Latest Neurobiology Stories
Johns Hopkins researchers say they have discovered a cause-and-effect relationship between two well-established biological risk factors for schizophrenia previously believed to be independent of one another.
Transmission of nerve signals is enhanced in the insects that eat less
UC Santa Barbara scientists turned to the simple sponge to find clues about the evolution of the complex nervous system and found that, but for a mechanism that coordinates the expression of genes that lead to the formation of neural synapses, sponges and the rest of the animal world may not be so distant after all.
The brain receives information from the ear in a surprisingly orderly fashion.
A protein produced by the central nervous system’s support cells seems to play two opposing roles in protecting nerve cells from damage, an animal study by Johns Hopkins researchers suggests: Decreasing its activity seems to trigger support cells to gear up their protective powers, but increasing its activity appears to be key to actually use those powers to defend cells from harm.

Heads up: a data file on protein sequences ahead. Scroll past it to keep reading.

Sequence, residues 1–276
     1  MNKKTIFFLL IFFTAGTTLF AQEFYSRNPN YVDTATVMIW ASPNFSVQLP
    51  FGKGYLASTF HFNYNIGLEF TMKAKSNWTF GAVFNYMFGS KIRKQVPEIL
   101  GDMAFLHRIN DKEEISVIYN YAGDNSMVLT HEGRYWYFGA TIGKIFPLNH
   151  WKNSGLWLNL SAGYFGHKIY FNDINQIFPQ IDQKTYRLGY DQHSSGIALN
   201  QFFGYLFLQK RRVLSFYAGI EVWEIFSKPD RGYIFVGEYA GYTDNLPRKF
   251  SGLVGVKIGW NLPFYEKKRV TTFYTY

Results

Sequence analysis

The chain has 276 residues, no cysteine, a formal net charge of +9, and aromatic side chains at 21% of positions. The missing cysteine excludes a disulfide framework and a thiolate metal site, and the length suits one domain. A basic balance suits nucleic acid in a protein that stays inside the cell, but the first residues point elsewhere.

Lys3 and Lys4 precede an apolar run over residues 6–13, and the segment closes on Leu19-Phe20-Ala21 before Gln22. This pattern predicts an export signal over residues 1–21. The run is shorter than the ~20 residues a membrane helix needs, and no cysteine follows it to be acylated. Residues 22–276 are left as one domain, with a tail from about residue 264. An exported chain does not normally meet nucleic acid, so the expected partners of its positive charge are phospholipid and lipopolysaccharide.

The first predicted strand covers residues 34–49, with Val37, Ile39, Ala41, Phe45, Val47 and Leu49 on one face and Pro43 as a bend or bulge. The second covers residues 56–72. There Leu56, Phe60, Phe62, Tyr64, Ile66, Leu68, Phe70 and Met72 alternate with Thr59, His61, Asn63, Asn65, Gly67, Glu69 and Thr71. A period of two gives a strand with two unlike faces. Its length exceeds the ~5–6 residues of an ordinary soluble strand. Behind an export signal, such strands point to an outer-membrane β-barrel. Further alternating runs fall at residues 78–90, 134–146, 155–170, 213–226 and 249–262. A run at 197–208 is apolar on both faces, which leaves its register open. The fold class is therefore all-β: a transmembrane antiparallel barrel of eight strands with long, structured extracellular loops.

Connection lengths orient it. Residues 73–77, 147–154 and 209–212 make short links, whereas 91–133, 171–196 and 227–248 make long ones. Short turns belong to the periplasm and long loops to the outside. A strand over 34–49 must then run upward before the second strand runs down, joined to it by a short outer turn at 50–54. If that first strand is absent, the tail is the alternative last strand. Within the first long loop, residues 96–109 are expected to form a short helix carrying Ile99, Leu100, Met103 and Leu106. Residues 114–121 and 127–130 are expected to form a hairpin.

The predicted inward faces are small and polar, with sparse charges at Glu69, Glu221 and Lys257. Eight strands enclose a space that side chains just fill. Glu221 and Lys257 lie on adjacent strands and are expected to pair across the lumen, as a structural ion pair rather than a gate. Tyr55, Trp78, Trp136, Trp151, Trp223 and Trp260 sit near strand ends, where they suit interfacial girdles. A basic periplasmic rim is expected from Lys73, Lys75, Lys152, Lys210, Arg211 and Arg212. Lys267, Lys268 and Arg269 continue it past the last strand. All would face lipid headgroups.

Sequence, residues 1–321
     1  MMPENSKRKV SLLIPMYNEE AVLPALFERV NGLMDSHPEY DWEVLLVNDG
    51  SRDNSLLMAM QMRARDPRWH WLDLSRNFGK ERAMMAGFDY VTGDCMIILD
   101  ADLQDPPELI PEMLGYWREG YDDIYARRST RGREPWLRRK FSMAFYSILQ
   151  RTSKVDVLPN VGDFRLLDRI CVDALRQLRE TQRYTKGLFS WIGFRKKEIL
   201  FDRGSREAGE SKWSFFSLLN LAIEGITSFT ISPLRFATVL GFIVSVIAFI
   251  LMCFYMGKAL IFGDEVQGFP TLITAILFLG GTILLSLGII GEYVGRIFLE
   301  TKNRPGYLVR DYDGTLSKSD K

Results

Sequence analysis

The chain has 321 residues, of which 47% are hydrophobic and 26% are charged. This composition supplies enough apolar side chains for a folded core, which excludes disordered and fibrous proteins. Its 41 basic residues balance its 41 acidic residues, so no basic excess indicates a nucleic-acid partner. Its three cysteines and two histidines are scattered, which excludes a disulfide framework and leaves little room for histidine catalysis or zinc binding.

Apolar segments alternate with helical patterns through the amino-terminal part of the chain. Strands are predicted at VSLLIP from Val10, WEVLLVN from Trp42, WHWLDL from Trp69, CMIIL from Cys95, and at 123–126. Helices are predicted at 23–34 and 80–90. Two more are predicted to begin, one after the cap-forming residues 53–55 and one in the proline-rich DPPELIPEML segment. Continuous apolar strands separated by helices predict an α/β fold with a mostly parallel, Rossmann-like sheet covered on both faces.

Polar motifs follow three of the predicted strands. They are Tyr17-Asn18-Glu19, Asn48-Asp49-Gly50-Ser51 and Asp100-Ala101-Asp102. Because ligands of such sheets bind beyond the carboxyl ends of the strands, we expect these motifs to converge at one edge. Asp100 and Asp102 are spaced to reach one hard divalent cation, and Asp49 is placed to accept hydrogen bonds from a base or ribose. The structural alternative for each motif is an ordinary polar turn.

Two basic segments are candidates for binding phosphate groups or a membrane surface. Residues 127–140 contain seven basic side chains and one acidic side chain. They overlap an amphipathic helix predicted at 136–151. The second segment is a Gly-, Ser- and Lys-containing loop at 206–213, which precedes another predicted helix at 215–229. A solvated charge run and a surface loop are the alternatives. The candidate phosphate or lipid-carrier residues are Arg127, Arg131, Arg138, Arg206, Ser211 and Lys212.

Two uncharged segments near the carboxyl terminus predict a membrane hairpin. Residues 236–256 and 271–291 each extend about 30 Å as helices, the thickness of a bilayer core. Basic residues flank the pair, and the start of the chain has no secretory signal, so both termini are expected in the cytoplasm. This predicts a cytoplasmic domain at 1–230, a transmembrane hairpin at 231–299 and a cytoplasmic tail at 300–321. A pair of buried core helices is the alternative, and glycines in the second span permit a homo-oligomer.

A molecule responsible for the proper formation of a key portion of the nervous system finds its way to the proper place not because it is actively recruited, but instead because it can't go anywhere else.
Researchers have shown in mice how immune cells in the brain target and remove unused connections between brain cells during normal development.
Formation and Orientation The development of the brain is broken down into stages. The basic evolution begins in the third week of the embryonic process where the neural plate is formed. By week four, the neural plate has developed into the neural tube. The anterior part of the tube, the telencephalon, grows rapidly as it prepares to later give way to the brain. As time goes on, cells begin to classify themselves as either neurons or glial cells, thus determining their functions. Glial...
- totally perplexed and mixed up.